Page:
Why police officers can be forced to explain a shooting

Tribune wins fight to get interview used in internal investigation.

After every police shooting in Utah, prosecutors investigate to determine if the officer who pulled the trigger followed the law. That officer doesn’t have to participate. Like all Americans, officers can invoke their constitutional rights and say nothing. A growing number take that option.

But these officers don’t have the same rights in internal investigations. Police chiefs can force them to talk, and those interviews — while they can’t be used in criminal proceedings against officers — may become public.

That’s what happened in the case of Zane James, a 19-year-old who was shot by a Cottonwood Heights officer in 2018 and later died. A judge ruled in early July that James’ family could use the officer’s interview in its civil suit.

Separately, The Salt Lake Tribune sought the officer’s interview in a public records request. Cottonwood Heights police denied that request. The Tribune appealed to the State Records Committee.

The records committee sided with The Tribune in May, but the city is fighting that ruling in the courts. Litigation is pricey and takes resources that requestors don’t often have. One of the higher estimates for Tribune legal costs in the Cottonwood Heights suit ranged from $60,000 to $100,000, editor Lauren Gustus said.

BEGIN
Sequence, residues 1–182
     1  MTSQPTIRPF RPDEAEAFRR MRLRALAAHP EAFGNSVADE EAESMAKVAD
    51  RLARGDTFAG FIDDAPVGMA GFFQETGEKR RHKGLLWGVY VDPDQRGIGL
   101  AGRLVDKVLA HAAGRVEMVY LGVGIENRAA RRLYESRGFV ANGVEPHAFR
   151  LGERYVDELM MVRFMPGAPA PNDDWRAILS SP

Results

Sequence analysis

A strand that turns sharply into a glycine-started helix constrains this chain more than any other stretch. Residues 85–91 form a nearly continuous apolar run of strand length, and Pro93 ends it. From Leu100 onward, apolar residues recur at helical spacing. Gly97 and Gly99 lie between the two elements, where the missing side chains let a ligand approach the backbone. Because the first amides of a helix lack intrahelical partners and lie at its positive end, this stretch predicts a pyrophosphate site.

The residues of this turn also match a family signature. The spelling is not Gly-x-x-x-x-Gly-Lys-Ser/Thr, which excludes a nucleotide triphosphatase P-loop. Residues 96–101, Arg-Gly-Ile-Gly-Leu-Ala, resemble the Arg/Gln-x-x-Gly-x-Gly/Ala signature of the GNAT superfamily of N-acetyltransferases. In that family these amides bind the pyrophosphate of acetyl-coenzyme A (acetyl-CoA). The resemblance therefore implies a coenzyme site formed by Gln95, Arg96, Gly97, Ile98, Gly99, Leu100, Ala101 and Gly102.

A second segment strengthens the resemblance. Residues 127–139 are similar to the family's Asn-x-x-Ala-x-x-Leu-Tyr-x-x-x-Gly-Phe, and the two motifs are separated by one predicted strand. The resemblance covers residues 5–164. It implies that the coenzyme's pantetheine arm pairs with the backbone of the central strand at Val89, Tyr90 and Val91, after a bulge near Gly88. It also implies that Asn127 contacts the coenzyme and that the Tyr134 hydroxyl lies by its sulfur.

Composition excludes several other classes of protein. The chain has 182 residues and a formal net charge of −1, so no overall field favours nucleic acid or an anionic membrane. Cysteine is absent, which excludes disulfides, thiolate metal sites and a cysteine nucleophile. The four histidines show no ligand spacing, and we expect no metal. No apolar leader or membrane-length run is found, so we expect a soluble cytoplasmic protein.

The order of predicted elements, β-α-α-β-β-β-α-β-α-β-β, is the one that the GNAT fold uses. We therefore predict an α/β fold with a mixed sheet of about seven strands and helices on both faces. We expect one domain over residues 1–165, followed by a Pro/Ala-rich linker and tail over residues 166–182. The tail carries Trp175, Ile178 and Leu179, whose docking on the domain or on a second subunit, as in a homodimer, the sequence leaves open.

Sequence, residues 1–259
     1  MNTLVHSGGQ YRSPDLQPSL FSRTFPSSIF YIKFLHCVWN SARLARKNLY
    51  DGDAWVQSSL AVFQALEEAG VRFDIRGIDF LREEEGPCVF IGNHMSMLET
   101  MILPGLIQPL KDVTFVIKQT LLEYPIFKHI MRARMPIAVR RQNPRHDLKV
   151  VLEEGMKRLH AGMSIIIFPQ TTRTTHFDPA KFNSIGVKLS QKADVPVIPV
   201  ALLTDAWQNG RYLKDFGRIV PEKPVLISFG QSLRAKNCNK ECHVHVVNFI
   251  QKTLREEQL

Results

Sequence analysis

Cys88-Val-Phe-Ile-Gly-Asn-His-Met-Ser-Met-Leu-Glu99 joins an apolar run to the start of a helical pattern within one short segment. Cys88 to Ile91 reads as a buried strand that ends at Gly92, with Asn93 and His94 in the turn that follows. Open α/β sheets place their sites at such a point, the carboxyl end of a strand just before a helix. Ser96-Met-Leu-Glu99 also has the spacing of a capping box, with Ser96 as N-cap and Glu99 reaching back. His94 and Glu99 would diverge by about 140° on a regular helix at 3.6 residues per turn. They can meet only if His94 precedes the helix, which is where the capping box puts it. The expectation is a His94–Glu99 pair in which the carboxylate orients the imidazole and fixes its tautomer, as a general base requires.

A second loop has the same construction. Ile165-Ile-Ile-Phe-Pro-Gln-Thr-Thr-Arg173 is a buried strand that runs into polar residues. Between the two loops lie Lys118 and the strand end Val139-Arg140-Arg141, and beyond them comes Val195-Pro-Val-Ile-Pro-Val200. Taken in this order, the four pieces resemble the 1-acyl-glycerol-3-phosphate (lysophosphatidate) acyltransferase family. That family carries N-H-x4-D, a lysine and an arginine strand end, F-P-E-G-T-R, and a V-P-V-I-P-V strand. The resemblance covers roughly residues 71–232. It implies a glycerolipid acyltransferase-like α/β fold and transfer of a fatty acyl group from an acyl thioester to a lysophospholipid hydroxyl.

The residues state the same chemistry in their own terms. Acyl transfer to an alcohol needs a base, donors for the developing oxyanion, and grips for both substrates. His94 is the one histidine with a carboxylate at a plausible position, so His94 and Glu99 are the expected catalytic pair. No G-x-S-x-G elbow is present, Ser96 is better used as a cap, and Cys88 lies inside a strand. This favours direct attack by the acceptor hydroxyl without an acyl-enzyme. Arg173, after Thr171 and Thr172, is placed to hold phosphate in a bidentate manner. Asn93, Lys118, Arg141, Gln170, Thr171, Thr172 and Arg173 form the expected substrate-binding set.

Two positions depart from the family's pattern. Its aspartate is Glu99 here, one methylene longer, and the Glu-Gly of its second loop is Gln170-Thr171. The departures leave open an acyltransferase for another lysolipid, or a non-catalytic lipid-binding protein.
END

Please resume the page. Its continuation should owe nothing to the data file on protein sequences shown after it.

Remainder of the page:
At the same time, some in Utah law enforcement are considering calling for legislation to specifically bar these compelled interviews from becoming public. Similar debates are taking place among police departments, courtrooms and legislatures throughout the country.

[READ MORE: Utah couple say internal police interview contradicts Cottonwood Heights on shooting death of son]

The shooting of Zane James

These interviews often are more detailed than the voluntary interviews police give to investigators for county prosecutors because that review is focused narrowly on whether the officer broke the law.

In his interview, Officer Casey Davies, who shot James in 2018, contradicted the story Cottonwood Heights shared with the public. The police said James crashed his motorcycle. In his interview, Davies said he purposefully rammed James with his car because he thought the 19-year-old was reaching for a gun. The officer said he didn’t see a gun, though a realistic-looking fake gun was found on James after Davies shot him.